THE STORY - One man must race against time to stop history's worst tyrants and criminal masterminds as they get together to plot a war that could wipe out millions of people and destroy humanity.
THE CAST - Ralph Fiennes, Gemma Arterton, Rhys Ifans, Matthew Goode, Tom Hollander, Harris Dickinson, Daniel Brühl, Djimon Hounsou & Charles Dance
THE TEAM - Matthew Vaughn (Director/Writer) & Karl Gajdusek (Writer)
THE RUNNING TIME - 131 Minutes
THE GOOD - A rip-roaring action film with lots of heart and a fantastic cast, bolstered by a sturdy script and clever direction.
THE BAD - Some minor pacing issues.
THE OSCARS - None
THE FINAL SCORE - 7/10
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By Dan Bayer
The premise of the Kingsman series basically boils down to a version of James Bond: Suave British men in bespoke suits beating the ever-loving crap out of bad guys. There's something that is inherently fun about that premise, but neither 2014's "Kingsman: The Secret Service" nor 2017's "Kingsman: The Golden Circle" fully make good on the promise of that premise. Leave it to the third film in the series, "The King's Man," to realize the key to making it work: Make it a period piece. Matthew Vaughn's prequel is set during World War I, and something about playing with that period of history has properly energized the series, resulting in the first Kingsman film that is an unmitigated blast of entertainment.
"The King's Man" is the story of a father and son, Orlando (Ralph Fiennes) and Conrad Oxford (Harris Dickinson). Conrad's mother is brutally killed in an affecting prologue when gunfire breaks out on what was supposed to be a humanitarian charity visit. Orlando takes her dying wish that he protect their son to heart, and years later, when Conrad is of age for military service, Orlando forbids him from doing so in order to keep him safe. Never mind that the boy is well-versed in combat and self-defense thanks to intense lessons from Orlando's man Shola (Djimon Hounsou), who accompanies both Oxfords on a trip to Russia to investigate a plot to kill Archduke Ferdinand being led by a shadowy cabal that includes the Russian advisor Rasputin (Rhys Ifans).
As you might have been able to guess from that last bit, a large part of the fun of "The King's Man" comes from its gleefully ahistorical screenplay, which takes the historical roots of WWI's beginnings and runs them through a blender. The result plays into the modern mania for conspiracy theories about shadow governments and war-mongering, but with a cartoonish twist exemplified by Ifans's scrumptious, scene-stealing turn as the rabid Rasputin. Chewing the scenery as though his life depended on it, Ifans turns the dials all the way up, and the result is one of the most enjoyable villains in recent memory. Other twists to the historical record have a similar joy in how they are deployed to shock and delight the audience.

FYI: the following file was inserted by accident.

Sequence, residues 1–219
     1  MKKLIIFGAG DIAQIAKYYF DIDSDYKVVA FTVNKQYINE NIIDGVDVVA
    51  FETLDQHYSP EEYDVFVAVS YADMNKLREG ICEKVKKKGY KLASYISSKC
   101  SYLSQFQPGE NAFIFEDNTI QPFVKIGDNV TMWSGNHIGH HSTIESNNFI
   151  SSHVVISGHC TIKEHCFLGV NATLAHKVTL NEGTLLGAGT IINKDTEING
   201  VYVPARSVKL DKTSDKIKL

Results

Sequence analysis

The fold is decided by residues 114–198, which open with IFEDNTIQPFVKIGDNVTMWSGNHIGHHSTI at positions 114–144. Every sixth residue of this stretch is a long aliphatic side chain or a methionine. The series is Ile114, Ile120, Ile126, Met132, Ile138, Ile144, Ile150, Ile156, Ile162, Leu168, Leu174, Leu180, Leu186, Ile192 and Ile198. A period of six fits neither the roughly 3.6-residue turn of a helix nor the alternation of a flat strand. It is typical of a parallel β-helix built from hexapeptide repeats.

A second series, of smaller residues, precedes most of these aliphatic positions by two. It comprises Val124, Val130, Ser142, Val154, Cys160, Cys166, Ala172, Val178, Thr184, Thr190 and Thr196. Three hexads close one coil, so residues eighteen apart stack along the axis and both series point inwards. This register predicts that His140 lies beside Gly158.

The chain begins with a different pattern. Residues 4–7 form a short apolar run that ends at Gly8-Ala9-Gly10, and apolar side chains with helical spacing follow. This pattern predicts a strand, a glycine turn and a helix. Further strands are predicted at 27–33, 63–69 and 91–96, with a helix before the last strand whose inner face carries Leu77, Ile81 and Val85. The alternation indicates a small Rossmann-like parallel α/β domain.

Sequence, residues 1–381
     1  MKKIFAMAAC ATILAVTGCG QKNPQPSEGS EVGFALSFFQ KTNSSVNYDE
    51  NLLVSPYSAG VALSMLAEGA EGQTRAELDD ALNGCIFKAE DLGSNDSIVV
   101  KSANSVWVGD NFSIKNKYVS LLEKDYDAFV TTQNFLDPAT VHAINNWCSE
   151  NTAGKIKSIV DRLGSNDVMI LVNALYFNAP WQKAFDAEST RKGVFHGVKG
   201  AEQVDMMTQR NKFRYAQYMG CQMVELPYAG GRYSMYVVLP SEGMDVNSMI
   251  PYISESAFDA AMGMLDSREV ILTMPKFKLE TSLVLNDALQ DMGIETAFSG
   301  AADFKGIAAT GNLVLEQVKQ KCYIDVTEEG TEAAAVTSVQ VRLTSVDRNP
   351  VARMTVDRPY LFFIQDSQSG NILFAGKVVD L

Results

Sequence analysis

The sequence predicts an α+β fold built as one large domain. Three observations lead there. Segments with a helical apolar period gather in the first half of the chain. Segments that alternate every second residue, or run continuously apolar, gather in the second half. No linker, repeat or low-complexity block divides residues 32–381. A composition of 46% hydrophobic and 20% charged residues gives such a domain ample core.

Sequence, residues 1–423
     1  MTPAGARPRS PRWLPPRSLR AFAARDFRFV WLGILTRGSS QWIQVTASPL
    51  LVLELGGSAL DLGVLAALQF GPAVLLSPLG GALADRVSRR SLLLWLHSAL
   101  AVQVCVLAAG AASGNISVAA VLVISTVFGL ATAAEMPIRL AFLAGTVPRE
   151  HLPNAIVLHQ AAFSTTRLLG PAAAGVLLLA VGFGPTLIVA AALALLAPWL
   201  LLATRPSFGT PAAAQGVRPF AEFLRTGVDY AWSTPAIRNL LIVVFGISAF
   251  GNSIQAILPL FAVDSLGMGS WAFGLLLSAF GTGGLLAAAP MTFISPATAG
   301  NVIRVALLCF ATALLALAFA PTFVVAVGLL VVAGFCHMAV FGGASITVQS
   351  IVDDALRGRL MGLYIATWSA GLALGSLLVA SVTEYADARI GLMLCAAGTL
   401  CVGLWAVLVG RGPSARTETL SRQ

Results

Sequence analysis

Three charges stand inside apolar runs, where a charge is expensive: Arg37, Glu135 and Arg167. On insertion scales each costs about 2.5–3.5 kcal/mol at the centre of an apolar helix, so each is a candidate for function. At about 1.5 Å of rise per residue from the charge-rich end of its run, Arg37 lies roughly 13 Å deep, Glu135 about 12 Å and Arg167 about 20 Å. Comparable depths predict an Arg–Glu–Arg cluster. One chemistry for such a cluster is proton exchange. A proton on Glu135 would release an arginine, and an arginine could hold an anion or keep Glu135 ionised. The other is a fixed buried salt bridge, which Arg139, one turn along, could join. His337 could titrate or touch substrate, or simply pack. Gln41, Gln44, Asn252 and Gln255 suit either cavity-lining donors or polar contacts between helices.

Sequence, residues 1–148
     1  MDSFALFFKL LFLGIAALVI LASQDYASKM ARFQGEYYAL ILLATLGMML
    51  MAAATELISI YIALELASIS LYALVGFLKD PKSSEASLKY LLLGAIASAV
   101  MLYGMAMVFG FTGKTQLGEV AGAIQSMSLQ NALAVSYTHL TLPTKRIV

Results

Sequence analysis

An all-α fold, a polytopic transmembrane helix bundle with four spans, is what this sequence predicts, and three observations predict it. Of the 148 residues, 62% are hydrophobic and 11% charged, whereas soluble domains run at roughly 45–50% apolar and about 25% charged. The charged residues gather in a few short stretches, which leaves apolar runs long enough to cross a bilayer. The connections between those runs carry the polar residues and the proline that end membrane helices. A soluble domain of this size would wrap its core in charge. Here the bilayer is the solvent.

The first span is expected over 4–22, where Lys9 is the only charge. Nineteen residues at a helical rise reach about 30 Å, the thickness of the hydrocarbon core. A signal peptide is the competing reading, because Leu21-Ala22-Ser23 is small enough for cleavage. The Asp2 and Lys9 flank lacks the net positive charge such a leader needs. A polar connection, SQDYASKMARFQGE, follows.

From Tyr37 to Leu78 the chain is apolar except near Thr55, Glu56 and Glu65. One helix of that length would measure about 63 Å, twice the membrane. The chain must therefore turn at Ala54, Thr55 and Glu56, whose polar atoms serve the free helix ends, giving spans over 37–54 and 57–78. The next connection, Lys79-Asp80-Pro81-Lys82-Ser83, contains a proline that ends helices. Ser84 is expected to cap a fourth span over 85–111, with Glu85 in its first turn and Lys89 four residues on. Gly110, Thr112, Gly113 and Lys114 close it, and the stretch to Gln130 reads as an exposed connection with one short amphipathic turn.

However, the most shocking thing about "The King's Man" is Ralph Fiennes's performance. Not the fact that he's good - Fiennes has been one of our best and most versatile actors for years - but the ways in which he is good. Orlando is very much the emotional spine of the film, requiring Fiennes not just to kick ass in some clever, inventive ways but to filter all that action through a range of different emotional states. He does so with an elegance that makes it seem easy, even though we have evidence from decades of action films to prove that it isn't. While he is going above and beyond what would be expected of most actors in this type of film, he never once condescends to either the part or the audience. He takes the role as seriously as any other he's played throughout his illustrious career, always making clear that this is as much a story about a man learning to live again just as much as it is a rock 'em-sock 'em action-adventure. Fiennes's firm grasp of tone is shared by the rest of the ensemble, which also includes a breezy Gemma Arterton as the Oxford's maid/governess, triple Tom Hollander having a regal blast as King George, Kaiser Wilhelm, and Tsar Nicholas, and a delightful bit of mustache-twirling from Daniel Brühl as a German henchman.
At the helm of it all, Matthew Vaughn proves once again that he is one of the best directors of action working today. Each action sequence in the film has some fun twist to make it stand out, from the gleeful classical music accompaniment to the showdown with Rasputin to the shots staring at the barrel of Orlando's sword/gun, and the varied comic beats are always perfectly placed. The film shares a somewhat snotty brand of humor with the first two films in the series. Still, Vaughn and co-screenwriter Karl Gajdusek have allowed the film's period setting to inform the tone of the whole movie, lending the dialogue a rat-a-tat screwball feels with which the cast is clearly having a ball. The entire film is just fun in a way that not many movies are these days: It's smart but not overly so, fast-paced but with plenty of time for dramatic character beats, and lets the dialogue be equally as important as the action. "The King's Man" is funnier, more surprising, and more heartfelt than the first two films in the series, and if the team can keep up this level of quality in the future, then Mr. Bond may just have to watch his back.